He sought toughness. He wanted hard-nosed guys like he had over at the Sports Arena when he was behind the bench as the head man for the Storm for three and a half seasons.

Two former Storm players, tough-guy Adam Keefe and spirited grinder Scooter Smith, fit that mold and re-joined Vitucci last season.

"We have guys that put winning above everything else," Smith said. "This year you'll see guys who are willing to put their bodies on the line every night. They won't have a big attitude and won't be worried about stats. It's a culture of teamwork and winning."

It's those types of players that have helped Vitucci compile a record of 175-132-28. Vitucci, who enters his sixth year in Toledo, has won five ECHL championships - four as a goalie and one as an assistant coach. Vitucci has yet to capture one as a head coach but believes this could be the group to lift a Cup in Toledo for the first time since 1994.

"These guys will be passionate about playing at this level and for this team," he said. "And we still have the talent level."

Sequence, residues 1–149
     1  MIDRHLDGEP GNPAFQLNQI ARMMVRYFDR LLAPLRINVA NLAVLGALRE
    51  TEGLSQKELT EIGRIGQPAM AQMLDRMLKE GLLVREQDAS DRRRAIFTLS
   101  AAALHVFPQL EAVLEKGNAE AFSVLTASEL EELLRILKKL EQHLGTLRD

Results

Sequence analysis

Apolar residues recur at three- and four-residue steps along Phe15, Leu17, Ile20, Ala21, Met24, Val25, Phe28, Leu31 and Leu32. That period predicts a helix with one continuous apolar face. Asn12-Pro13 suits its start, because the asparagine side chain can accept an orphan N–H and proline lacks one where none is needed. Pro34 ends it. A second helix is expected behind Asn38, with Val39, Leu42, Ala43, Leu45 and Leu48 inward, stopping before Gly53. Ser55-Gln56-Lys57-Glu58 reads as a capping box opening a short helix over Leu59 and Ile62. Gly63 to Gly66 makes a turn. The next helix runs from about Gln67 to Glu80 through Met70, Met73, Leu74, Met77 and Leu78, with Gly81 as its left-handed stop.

Keefe, an enforcer with 1,084 penalty minutes in a five-year pro career, said the players Vitucci brought back will battle.

"When push comes to shove, we'll stick up for each other," Keefe said. "You'll see good team toughness. We won't back down. That's the foundation we want to build from to win a championship. Everyone wants to compete for these fans. They're the sixth man out on the ice. I want to win a championship and we'll do it with good team people."

Walleye goaltender Jordan Pearce stops against Kalamazoo in a preseason game. Pearce had a 15-18 record last season. Walleye goaltender Jordan Pearce stops against Kalamazoo in a preseason game. Pearce had a 15-18 record last season.
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Vitucci said Smith and Keefe will play on a line with another vet, Mike Hedden. He said the trio also will play on the penalty kill and power play.

"We won't get pushed around," Smith said.

Andy Bohmbach, Zach Torquato and Evan Rankin will form another line. Veteran Randy Rowe will team with Sal Peralta with a to-be-determined center on the other line.

"I'm not a big fan of No. 1, 2 and 3 [lines]," Vitucci said. "Different lines have different assets. All three can be a No. 1 line. It just depends on who's clicking."

Last year's captain, defenseman Ryan Stokes, said Vitucci is a "player's coach" who is respected. Stokes said the team's veterans "bring more smarts to the ice."

"I came to Toledo because I think we have a great group of guys and we have a great chance to win a championship," Stokes said. "We have a lot of leaders that are here to win. We have some accomplished players."